Figure 1.
Clinical View of the Left Temporal Scalp
Clinical View of the Left Temporal Scalp

Diffuse alopecia is apparent with preserved follicular ostia.

Figure 2.
A 4-mm Punch Biopsy Specimen From the Right Occipital Scalp
A 4-mm Punch Biopsy Specimen From the Right Occipital Scalp

Nonscarring, noninflammatory alopecia is seen, with mild miniaturization of some hair follicles (hematoxylin-eosin, original magnification ×40).

Over the course of his month-long hospitalization, his peripheral neuropathy worsened, and decreased vision was noted in the left eye. Further questioning revealed that the patient was a graduate chemistry student. His advisor stated that he worked with copper, and the patient indicated that he was also helping with studies on thallium and thorium. Copper and ceruloplasmin levels were normal, but blood and urine thallium levels were greater than 100 μg/L and greater than 25 μg/L (upper limits of normal, 2 and 5 μg/L), respectively. He was immediately treated with hemodialysis and Prussian blue. Ophthalmologic consultation confirmed optic neuropathy from thallium. Psychiatric consult for chronic depression was refused by the patient. The patient did not want a criminal investigation into the matter, and the primary medical team deferred investigation. The patient was discharged to acute rehabilitation with a blood thallium level of 25 μg/L.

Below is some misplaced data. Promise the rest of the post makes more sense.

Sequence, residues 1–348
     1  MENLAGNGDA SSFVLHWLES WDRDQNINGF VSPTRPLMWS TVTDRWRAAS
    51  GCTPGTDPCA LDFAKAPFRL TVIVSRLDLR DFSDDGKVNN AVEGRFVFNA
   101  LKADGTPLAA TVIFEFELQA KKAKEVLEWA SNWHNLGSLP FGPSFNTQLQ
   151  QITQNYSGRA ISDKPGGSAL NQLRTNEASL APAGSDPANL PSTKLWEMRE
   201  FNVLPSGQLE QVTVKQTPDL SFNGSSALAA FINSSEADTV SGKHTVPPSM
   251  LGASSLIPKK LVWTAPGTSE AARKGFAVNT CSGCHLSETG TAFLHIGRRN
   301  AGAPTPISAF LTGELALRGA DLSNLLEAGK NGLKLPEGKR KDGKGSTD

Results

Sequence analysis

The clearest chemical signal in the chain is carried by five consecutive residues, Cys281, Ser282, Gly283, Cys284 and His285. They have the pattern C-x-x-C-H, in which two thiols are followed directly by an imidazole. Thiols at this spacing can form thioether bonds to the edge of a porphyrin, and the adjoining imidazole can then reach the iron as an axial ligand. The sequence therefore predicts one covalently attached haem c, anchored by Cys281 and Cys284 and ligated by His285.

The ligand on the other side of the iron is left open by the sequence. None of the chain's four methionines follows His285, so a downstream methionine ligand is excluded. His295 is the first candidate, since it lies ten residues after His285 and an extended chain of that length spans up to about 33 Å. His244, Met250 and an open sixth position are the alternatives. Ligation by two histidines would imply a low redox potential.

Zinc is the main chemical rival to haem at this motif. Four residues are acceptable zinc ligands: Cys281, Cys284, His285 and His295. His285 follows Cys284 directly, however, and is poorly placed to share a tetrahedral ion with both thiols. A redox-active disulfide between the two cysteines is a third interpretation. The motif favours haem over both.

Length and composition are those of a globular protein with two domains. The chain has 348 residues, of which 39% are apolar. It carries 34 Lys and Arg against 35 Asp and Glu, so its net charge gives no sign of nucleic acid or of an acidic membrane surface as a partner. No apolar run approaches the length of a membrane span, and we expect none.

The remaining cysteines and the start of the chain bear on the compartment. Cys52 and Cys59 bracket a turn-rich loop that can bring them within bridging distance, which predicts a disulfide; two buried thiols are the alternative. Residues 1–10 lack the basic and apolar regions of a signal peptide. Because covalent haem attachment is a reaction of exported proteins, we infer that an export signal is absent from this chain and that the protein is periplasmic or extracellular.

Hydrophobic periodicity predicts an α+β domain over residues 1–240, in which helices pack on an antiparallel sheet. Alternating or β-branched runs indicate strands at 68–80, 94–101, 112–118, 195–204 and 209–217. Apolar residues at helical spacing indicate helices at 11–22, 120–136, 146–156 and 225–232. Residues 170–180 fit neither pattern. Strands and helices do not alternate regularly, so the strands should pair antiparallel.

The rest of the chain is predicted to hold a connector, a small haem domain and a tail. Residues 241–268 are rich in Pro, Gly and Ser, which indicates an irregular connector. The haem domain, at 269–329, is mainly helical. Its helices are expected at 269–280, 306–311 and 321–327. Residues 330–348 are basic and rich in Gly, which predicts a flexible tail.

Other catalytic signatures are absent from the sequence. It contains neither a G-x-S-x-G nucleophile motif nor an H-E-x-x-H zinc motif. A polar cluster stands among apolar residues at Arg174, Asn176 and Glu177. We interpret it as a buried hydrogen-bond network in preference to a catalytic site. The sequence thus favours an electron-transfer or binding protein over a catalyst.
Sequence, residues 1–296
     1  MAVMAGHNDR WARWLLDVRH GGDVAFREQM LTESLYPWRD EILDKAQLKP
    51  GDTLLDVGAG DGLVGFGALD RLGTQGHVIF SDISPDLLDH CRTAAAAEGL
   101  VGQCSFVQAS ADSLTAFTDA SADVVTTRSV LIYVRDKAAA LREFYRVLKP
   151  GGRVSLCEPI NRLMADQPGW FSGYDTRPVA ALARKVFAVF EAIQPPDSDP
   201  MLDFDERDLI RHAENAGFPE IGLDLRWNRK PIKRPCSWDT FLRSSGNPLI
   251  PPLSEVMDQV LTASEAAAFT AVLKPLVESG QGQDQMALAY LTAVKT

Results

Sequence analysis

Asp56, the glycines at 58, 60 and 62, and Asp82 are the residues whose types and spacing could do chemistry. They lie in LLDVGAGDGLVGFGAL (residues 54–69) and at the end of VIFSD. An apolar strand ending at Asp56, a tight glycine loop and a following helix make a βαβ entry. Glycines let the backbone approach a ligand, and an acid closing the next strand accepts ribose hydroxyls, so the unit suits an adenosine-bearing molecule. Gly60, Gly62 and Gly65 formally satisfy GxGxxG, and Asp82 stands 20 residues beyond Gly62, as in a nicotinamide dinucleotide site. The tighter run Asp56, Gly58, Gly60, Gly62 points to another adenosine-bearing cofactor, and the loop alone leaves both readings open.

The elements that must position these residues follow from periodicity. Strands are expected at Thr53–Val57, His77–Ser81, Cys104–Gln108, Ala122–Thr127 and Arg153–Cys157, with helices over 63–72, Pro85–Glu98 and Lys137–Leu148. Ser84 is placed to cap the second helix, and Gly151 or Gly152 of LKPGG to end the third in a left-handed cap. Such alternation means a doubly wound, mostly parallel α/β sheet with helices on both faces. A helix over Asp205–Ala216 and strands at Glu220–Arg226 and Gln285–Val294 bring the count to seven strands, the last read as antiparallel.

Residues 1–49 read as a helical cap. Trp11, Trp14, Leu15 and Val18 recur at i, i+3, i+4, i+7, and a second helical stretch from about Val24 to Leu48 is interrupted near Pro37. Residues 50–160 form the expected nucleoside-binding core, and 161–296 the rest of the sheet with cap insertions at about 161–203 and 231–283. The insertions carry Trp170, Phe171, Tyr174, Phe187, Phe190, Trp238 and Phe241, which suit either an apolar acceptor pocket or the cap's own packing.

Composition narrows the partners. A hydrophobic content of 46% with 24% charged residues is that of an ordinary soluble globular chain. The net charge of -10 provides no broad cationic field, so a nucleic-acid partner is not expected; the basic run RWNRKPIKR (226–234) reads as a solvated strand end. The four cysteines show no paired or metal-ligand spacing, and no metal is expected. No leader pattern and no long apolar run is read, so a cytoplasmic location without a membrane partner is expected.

Thallium was used in the past to treat gonorrhea, syphilis, tuberculosis, ringworm, and even as a depilatory to remove excess hair. It was commonly used as a rodenticide, but household use was banned in 1965 owing to multiple reported poisonings. Today it is used in a number of industrial products from semiconductors to thermometers. Thallium is absorbed through the skin and the respiratory and gastrointestinal tracts.1,2